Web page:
Oslo Central was built on the site of the older Oslo East Station (Oslo Østbanestasjon, Oslo Ø), the combining of the former east and west stations being made possible by the opening of the Oslo Tunnel. Oslo Central has nineteen tracks, thirteen of which have connections through the Oslo Tunnel. The station has two buildings, the original Oslo East building and the newer main building for Oslo Central. Each building houses a large shopping centre. The square in front of the station is called Jernbanetorget.
When the first railway line, Hoved Line, was built between Oslo and Eidsvoll in 1854, the terminus in Oslo was constructed as an ad-hoc solution located at Gamlebyen. Alternate sites included Youngstorget, Grünerløkka and Vaterland Bridge. In 1852 an architectural competition was held, and a plan based on Crown Street Station in Liverpool won. The station was located east of the river Akerselva, but could not serve as a permanent solution, as it was close to neither the city centre nor the port. In 1859 the freight section of the station was expanded with the purchase of land between Loelva and the port, and part of Bjørvika. From the beginning, rail traffic increased, especially after the expansion of the Trunk Line to Hamar in 1862, and the opening of the Kongsvinger Line in 1865.
In 1872 Oslo got its second terminal station, located at Pipervika near Aker Brygge and the city hall. Oslo West Station (or Oslo V) was built to allow the then narrow-gauged Drammen Line between Drammen and Oslo to terminate in downtown Oslo. The two stations were located about 2 km apart and were not connected by rail until 1907 when the Oslo Port Line was built. There had been discussions about building a central station to connect the Drammen Line with the eastern station, but this idea involved building it via Majorstuen and Grefsen. Oslo V always remained a secondary railway station in Oslo, since it mostly served local traffic to Buskerud, Telemark and Vestfold in addition to the Sørland Line.
The year after the western station opened, in 1873, the Norwegian legislature, the Storting, decided to build a new railway from Kornsjø at the Swedish border through Østfold to Oslo, the Smaalenene Line (now the Østfold Line). Traffic at the station was expected to explode due to this railway and it was decided that a new station had to be built. The engineers within NSB wanted to locate this new station west of the river Akerselva, between Jernbanetorget and Bjørvika. But a conflict arose between Carl Abraham Pihl, who was director of NSB at the time, and the City of Oslo. While Pihl wanted a separate station for the Smaalenene Line, the city wanted to concentrate the stations in one place in Oslo. The engineers insisted on moving the station closer to the city. The architect Georg Andreas Bull drafted four plans for a new station with nine tracks over the river Akerselva. In 1878 the legislature decided to build the smallest suggested station—with only seven tracks over the river, claiming that the station was oversized. Oslo East Station (Oslo Østbanestasjon, Oslo Ø) opened in 1882.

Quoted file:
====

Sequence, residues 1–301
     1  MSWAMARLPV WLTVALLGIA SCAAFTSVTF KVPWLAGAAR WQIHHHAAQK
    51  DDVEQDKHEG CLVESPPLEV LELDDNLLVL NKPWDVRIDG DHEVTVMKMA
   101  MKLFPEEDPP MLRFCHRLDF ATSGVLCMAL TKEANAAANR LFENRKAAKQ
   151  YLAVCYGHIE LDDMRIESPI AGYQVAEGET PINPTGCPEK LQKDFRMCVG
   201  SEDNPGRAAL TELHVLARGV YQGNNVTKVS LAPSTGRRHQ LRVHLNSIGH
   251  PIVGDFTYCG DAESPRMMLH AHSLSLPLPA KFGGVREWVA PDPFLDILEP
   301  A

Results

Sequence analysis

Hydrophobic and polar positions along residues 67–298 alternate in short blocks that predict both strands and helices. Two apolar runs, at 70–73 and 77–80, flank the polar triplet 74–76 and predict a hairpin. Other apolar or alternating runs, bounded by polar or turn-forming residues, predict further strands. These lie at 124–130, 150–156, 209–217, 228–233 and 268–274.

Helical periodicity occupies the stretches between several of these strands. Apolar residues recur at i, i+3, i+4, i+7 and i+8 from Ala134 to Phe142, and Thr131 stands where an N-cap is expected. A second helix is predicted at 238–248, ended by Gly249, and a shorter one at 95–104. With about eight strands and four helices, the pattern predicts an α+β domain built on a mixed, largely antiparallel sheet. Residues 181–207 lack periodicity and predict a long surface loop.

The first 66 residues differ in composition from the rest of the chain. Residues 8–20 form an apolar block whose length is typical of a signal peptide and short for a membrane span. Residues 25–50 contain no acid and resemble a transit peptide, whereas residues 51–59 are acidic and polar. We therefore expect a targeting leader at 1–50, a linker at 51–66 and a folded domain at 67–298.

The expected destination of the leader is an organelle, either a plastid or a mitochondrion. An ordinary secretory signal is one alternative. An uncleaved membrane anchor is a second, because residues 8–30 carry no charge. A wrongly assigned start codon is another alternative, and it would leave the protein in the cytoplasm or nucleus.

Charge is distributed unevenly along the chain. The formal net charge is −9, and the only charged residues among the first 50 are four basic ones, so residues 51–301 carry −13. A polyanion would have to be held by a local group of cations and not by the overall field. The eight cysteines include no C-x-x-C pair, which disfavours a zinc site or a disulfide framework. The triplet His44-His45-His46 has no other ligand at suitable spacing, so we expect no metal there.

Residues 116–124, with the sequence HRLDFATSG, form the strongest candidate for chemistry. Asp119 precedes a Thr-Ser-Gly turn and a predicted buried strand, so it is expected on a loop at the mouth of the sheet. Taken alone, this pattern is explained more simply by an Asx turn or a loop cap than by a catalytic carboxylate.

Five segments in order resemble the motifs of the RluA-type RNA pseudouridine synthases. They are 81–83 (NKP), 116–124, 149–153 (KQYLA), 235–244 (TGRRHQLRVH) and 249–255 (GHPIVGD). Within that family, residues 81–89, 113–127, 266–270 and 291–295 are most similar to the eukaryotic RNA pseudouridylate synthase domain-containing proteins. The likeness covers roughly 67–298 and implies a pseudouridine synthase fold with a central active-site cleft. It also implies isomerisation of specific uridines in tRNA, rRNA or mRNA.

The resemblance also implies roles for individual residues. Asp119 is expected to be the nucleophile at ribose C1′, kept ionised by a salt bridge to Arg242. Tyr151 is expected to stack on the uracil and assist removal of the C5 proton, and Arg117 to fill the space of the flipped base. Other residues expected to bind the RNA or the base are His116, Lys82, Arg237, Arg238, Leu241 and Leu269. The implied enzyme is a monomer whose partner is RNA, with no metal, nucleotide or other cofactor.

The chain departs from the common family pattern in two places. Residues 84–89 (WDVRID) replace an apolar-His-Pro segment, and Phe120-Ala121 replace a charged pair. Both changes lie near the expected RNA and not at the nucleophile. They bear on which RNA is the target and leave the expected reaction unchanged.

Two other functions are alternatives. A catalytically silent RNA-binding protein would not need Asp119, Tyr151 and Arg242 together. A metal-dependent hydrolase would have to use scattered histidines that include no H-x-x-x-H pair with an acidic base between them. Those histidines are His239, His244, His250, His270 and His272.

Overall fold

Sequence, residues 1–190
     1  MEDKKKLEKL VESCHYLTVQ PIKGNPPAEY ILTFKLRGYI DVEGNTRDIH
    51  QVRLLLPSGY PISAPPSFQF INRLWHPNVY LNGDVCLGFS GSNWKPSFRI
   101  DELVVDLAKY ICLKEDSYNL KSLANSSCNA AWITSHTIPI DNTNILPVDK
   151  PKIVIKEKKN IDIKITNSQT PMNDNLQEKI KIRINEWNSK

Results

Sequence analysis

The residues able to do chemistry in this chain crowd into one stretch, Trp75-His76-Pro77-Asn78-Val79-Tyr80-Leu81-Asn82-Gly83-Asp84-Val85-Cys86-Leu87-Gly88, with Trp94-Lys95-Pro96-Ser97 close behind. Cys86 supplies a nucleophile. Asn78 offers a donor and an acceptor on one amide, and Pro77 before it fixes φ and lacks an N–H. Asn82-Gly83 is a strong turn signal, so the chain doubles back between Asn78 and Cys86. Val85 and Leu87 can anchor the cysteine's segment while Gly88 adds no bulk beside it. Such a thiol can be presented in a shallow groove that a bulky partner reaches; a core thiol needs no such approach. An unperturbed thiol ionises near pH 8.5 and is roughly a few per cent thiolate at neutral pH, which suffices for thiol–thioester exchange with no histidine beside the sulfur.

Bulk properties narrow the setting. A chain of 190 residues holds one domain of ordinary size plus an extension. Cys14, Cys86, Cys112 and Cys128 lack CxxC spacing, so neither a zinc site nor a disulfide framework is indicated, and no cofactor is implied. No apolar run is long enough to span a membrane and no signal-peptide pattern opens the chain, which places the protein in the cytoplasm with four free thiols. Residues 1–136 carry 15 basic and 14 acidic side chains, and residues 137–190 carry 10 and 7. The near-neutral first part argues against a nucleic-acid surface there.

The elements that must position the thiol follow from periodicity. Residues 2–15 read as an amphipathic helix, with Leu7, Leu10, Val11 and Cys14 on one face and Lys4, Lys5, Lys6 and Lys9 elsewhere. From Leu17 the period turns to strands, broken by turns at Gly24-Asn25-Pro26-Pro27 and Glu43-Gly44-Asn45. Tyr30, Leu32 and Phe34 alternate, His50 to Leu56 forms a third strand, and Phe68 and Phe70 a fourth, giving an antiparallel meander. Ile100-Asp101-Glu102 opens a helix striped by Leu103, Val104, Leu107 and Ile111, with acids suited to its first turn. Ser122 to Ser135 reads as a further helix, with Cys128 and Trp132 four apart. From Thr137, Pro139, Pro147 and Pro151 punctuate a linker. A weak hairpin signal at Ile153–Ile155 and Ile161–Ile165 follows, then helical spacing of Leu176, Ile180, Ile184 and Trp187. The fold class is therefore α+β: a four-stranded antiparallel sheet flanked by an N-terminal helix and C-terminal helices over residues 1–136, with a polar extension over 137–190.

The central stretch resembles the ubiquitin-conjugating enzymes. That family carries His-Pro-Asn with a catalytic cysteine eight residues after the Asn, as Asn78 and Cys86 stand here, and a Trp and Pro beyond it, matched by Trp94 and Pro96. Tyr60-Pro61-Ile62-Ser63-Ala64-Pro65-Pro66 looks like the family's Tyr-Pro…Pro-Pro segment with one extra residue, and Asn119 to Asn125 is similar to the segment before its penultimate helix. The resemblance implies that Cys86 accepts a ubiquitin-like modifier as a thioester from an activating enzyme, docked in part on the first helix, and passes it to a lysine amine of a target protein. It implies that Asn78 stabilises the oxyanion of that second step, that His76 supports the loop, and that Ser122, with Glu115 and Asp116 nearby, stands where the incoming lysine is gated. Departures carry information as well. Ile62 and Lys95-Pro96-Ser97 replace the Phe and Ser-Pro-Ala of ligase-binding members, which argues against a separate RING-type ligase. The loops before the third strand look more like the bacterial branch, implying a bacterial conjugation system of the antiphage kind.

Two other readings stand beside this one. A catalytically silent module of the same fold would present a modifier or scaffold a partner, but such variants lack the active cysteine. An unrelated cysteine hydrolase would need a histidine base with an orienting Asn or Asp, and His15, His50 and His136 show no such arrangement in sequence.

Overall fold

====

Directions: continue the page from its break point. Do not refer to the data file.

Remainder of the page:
But it was soon recognized that the station was too small. The population of Oslo doubled to 150,000 between 1875 and 1890 and from the opening of the station to 1890, the traffic increased from 400,000 passengers annually to more than a million. The most critical part was the freight section, where the trains had to partially use the main railway for switching. One of the proposed solutions was to build the line from Østfold on a viaduct into the station and elevate it on a level above the other tracks. Another problem arose in 1893, when it had to be decided where the new Gjøvik Line was to terminate. Some suggested a station at Grefsen with one line to Oslo East and one via Majorstuen to Oslo West. The Storting decided in 1895 that the Gjøvik Line was to be built to Oslo East.